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Farmers benefit from mutation bred groundnut for 25 years


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www.iaea.org: The year was 1993 when the groundnut variety Tissa, a product of mutation breeding, was released in Sri Lanka. As far as plant breeding is concerned, 25-year-old varieties are often ancient history – part of the past. Usually, new varieties are well received when they are released but as plant breeders continue to develop new improved varieties to meet new needs, the farming community also moves on. However, for the 1993 Tissa groundnut, it’s a different story. It remains by far the most popular groundnut variety among Sri Lankan farmers, who chose it for 80% of their groundnut plantings, consider it a cash crop and have seen their groundnut income increase 5%. 

Sri Lanka started its mutation breeding program in the late 1960s with the help of the Joint FAO/IAEA Division that has continued to provide equipment and training. To breeders, Tissa was such a success that they now use it to breed new and even better groundnut varieties.

In Sri Lanka, where agriculture is the most important sector of the economy, nearly 82% of the population lives in rural areas and agriculture accounts for 30% of national employment. Although rice is by far the major crop for the country, about 5% of the farm families in Sri Lanka earn extra income growing and selling groundnuts. While not a main ingredient of Sri Lankan cuisine, groundnuts are often found in curries and fried rice, or roasted to be eaten as snacks. Farmers also benefit from a trend towards production of value-added groundnut products in the confection and snack industries, while still taking advantage of their traditional markets which include selling their groundnuts as an oil crop and as animal feed.

For the past 25 years, farmers in Sri Lanka have overwhelmingly chosen Tissa, a groundnut variety developed in the 1990s through irradiation of a Viet Nam groundnut. One element of this success undoubtedly stems from a survey that the breeders performed to determine what characteristics groundnut farmers and consumers would want from an improved groundnut variety. Based on input from farmers, they selected for disease resistant, drought tolerant and high-yield lines, and with the Tissa variety, they also selected a lower shell ratio and a 40% oil content. Tissa also has a short growing season, which means that it can be planted as an extra crop, often between rice seasons, with minimal land preparation and few inputs.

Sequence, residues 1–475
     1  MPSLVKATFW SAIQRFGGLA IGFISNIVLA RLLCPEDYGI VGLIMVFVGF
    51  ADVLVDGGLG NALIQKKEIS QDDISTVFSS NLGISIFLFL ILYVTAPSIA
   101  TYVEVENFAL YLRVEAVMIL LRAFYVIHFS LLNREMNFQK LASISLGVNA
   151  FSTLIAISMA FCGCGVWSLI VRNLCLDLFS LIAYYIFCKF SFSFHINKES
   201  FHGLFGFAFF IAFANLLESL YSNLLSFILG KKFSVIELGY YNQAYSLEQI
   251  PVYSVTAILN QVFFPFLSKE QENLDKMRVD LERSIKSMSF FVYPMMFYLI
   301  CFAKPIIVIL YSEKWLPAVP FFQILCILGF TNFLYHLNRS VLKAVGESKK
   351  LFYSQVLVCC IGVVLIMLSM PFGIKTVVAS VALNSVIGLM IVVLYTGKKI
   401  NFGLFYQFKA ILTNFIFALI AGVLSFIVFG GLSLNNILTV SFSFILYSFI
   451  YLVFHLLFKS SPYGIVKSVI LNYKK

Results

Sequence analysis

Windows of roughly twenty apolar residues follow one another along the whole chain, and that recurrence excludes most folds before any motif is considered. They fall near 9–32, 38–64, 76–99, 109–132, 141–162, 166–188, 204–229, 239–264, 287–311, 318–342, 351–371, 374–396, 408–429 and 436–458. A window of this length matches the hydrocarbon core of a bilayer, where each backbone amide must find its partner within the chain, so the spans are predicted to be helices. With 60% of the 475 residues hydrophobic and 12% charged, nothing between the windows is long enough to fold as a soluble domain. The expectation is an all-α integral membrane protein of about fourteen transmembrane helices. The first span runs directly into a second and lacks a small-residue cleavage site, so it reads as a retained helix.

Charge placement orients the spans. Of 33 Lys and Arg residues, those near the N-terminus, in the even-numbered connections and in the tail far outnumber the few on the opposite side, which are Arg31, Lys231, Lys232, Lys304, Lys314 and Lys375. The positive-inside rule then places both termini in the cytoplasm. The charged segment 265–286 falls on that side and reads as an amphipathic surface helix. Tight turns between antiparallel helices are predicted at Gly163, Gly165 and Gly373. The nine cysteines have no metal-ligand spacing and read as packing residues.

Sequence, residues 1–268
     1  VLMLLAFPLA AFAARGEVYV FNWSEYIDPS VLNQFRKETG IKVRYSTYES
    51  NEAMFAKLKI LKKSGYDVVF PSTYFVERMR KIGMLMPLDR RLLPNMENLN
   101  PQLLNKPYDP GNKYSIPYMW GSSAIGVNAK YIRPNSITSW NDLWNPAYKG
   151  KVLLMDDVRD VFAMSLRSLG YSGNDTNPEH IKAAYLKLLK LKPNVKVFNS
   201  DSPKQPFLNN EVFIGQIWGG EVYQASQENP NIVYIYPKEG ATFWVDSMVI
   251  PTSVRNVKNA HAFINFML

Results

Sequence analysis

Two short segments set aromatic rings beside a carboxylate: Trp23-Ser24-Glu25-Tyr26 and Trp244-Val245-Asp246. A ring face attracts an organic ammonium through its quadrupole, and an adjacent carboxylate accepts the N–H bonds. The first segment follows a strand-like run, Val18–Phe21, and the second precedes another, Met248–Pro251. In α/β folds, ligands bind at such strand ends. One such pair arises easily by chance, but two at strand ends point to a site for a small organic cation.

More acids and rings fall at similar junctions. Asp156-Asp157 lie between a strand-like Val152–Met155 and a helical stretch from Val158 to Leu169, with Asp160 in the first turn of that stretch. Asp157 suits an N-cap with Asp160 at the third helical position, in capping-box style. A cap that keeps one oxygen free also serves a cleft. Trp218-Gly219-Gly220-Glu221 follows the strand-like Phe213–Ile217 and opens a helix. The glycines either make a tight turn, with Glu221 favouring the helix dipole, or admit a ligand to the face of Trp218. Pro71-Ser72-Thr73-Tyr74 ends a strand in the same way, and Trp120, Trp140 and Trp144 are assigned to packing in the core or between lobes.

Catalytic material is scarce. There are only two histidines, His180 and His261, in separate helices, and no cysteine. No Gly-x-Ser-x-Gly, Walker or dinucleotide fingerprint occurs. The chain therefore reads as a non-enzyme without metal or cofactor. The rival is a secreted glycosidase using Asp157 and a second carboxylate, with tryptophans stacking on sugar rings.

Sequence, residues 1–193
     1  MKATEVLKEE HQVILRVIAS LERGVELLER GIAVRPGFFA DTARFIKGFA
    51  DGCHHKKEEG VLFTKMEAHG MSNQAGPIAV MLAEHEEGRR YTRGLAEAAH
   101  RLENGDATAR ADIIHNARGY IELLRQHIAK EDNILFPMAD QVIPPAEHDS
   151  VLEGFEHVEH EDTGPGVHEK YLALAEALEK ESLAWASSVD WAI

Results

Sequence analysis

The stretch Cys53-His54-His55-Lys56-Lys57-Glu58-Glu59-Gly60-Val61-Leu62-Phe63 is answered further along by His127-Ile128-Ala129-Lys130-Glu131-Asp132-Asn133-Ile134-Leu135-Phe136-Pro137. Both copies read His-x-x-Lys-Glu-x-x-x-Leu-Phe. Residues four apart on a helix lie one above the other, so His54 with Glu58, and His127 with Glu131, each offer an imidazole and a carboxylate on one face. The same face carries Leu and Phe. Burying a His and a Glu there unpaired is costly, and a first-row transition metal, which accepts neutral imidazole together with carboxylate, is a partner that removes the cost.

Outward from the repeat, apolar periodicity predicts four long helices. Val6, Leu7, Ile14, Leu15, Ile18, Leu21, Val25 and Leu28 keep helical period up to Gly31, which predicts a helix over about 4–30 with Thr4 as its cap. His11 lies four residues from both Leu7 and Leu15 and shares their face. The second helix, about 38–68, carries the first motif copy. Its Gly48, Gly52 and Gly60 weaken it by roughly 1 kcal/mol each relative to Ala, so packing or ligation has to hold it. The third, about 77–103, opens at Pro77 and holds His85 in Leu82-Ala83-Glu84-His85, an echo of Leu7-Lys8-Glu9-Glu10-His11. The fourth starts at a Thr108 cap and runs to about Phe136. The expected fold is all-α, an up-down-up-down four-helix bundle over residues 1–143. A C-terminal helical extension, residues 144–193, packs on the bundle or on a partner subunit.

Screening mutants for desired traits

Working with the Joint FAO/IAEA Division, the Sri Lanka Department of Agriculture started mutation breeding in the late 1960s, using gamma irradiation to induce mutations. Nuclear techniques such as the use of gamma irradiation for inducing mutations in combination with related biotechnologies is an efficient and safe tool in breeding programmes for crop improvement and suitable to support efforts to enhance crop productivity. Enhancing crop productivity for sustainable food security is becoming an increasing issue in many countries as the effects of climate change and increasingly erratic weather events on agriculture are reducing the productivity of existing local varieties. Mutation breeding takes advantage of genetic variability for developing, for example, drought and disease-resistant varieties as well as myriad of other desired traits. Sri Lanka released its first mutant variety – a high yielding mutant rice – in 1971. Known as MI 127, it was widely adopted and contributed five percent of import savings of rice. This success was followed by other mutant varieties of sesame, rice, tomato and groundnut. The country has participated in many Coordinated Research Projects and national and regional technical cooperation projects, conducted with the Joint Division to enhance human capacity and build infrastructure for the genetic improvement of crops using mutation breeding. In recognition of its numerous successes in plant mutation breeding and of its ongoing endeavours to develop further sustainable crop varieties, the Sri Lanka Department of Agriculture was awarded the prestigious Achievement Award by the Joint Division in 2014. In 2016, the Joint Division joined in establishing Sri Lanka’s National Centre for Nuclear Agriculture and provided a new cobalt-60 source, through the IAEA’s technical cooperation programme, to broaden the mutation breeding programme by making it available to any commodity research institute in the country. In the 25 years since mutation breeders in Sri Lanka developed the Tissa variety, Sri Lankan farmers have continued to plant and benefit from it. Not only have farm families been able to increase their income over this period by an average of five percent per year, with this variety the country has also been able to largely meet its own groundnut requirements.

(Source: https://www.iaea.org/newscenter/news/sri-lankan-farmers-benefit-from-mutation-bred-groundnut-for-25-years)


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